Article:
Figure 7
 
Threshold amplitudes for detecting RF3 trajectories. The use of a fixed phase angle (Experiment 1) results in higher thresholds than randomizing phase angles (Experiment 2). The error bars denote ±1 bootstrapped SD.
One possibility is adaptation to the RF trajectories of a fixed phase angle over time throughout the trials, thus raising detection thresholds in Experiment 1. In contrast, adaptation could not occur in Experiment 2 as RF trajectories of different phase angles were interleaved. Nevertheless, further experiments are required to evaluate this possibility. 
Experiment 3: Identification of RF trajectories
Observers
All observers but one from Experiment 1 participated in this experiment. A new observer, not involved in previous experiments, also participated, which brought the number of observers to seven. 
Methods
We examined discrimination among trajectories of different radial frequencies (RF2–5) using a four-alternative forced-choice procedure. Observers were asked to identify trajectories ranging from 2 to 5 cycles in four different conditions. We first examined the effect of randomizing phase angles by contrasting two separate conditions, one with a fixed phase angle of 0° throughout the trials and the other with a phase angle of either 0° or 180° chosen randomly from trial to trial. In these two conditions, the stimuli all moved around at a constant angular speed of 3.14 deg/s, and radial amplitudes were set to three times the mean detection thresholds for stimuli of identical speed, as measured in Experiment 1. In the other two conditions, radial amplitudes were raised to seven times the mean thresholds, with the phase angle fixed at 0°. These two conditions differed only by the dot speed, where stimuli moved at constant angular speeds of 3.14 deg/s and 6.28 deg/s, respectively. All seven observers performed the first three experiments (all using a speed of 3.14 deg/s) in a randomized order. The fourth condition (using a speed of 6.28 deg/s) was conducted by five of the same seven observers. 
To familiarize the observers with the shapes of the trajectories, they were presented a screen showing sample static shapes (Figure 1b) of the four trajectories (RF2–5) at the start of each experiment. Each trajectory shape contained a digit indicating the number of cycles. Observers were told that the phase angles of the trajectories might change, such that they should generalize across the variants. On each trial, a single RF trajectory (chosen randomly from RF2–5) was displayed following a 500-ms fixation period on a centrally presented fixation cross. Observers were required to maintain central fixation during each motion presentation. They were instructed to indicate the trajectory's shape (number of cycles) by clicking a mouse on one of the digits (2, 3, 4, or 5) displayed on the screen at the offset of the stimulus. Feedback was not provided.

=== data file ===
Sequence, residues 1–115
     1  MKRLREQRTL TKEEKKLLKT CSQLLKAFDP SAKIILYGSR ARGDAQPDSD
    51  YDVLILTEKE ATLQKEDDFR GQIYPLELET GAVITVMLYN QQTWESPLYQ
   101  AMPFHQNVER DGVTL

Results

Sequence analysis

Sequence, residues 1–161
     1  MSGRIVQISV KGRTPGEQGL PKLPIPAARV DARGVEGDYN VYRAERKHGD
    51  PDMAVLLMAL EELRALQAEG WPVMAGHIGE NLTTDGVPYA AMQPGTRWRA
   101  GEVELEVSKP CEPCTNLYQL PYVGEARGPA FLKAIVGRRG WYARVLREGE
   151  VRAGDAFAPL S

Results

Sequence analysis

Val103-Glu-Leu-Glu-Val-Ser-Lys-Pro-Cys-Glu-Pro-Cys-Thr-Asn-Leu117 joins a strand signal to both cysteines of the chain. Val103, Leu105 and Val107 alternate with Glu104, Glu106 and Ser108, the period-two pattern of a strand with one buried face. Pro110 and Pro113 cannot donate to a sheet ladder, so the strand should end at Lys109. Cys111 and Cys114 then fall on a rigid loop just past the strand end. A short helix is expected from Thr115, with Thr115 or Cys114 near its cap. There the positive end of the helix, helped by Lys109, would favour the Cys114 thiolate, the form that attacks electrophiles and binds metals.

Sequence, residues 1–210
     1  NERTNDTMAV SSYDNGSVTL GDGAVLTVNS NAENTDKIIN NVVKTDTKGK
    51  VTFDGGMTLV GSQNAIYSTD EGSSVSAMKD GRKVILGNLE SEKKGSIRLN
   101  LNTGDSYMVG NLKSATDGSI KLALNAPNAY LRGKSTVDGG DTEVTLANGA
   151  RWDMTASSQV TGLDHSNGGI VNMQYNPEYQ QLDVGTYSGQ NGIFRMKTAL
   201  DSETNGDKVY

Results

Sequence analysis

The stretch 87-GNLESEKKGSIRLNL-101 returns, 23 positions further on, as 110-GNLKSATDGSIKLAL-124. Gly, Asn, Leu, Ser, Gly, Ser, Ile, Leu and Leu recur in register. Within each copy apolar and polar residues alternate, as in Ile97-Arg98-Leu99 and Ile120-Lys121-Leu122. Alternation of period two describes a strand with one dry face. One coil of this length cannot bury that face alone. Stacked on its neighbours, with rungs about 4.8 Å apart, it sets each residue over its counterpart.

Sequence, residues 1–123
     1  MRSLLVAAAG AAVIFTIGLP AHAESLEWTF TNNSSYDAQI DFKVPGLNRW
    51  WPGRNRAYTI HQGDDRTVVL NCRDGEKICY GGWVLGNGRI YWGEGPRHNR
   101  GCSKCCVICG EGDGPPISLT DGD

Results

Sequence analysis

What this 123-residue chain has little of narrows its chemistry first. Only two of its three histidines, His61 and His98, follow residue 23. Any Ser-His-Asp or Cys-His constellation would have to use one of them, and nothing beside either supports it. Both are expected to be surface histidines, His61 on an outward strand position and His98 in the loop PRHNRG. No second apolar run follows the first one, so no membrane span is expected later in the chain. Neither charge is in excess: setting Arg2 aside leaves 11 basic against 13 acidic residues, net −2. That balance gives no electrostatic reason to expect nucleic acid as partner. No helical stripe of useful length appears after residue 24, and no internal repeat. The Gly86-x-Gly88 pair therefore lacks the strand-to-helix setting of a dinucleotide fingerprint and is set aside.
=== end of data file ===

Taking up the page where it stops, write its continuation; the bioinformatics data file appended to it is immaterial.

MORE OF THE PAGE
For each of the four conditions, each radial frequency was presented at least 40 times in order to measure the proportion of correct identifications. The order of RFs displayed was randomized. 
Results
Experiment 3 measured proportions of correct identifications of RF trajectories. The results averaged over observers are illustrated in Figure 8. We first examined the effect of randomizing phase angles by comparing results from the two conditions using three times the thresholds (i.e., red vs. green line in Figure 8). A two-way repeated measures ANOVA was performed on the 2 phase angle conditions (fixed and random) by 4 RFs. The main effect of RF was significant, F(1,6) = 8.02, p < 0.03, but the main effect of phase angle was not, F(1,6) = 2.78, p = 0.15. The interaction effect was not significant, F(1,6) = 4.75, p = 0.07. The first observation is that performance declined significantly as higher RFs were displayed. While identification of RF2 averaged over 95% correct, performance dropped significantly to a range of 59–68% correct in RF4 or RF5 identification, although this range is still above chance, which is 25%. Further analysis shows that RF4 was often confused with RF5. Another major observation is that a general performance decline was not related to randomization of phase angle. 
Figure 8
 
Proportion correct identification responses averaged over observers, for Experiment 3. Average performance declines with increasing number of radial frequency cycles for three times threshold amplitudes, regardless of whether phase is randomized. In contrast, average performance remains above 72% correct when seven times thresholds were displayed for the two speed conditions. The error bars denote ±1 SEM.
Figure 8
 
Proportion correct identification responses averaged over observers, for Experiment 3. Average performance declines with increasing number of radial frequency cycles for three times threshold amplitudes, regardless of whether phase is randomized. In contrast, average performance remains above 72% correct when seven times thresholds were displayed for the two speed conditions. The error bars denote ±1 SEM.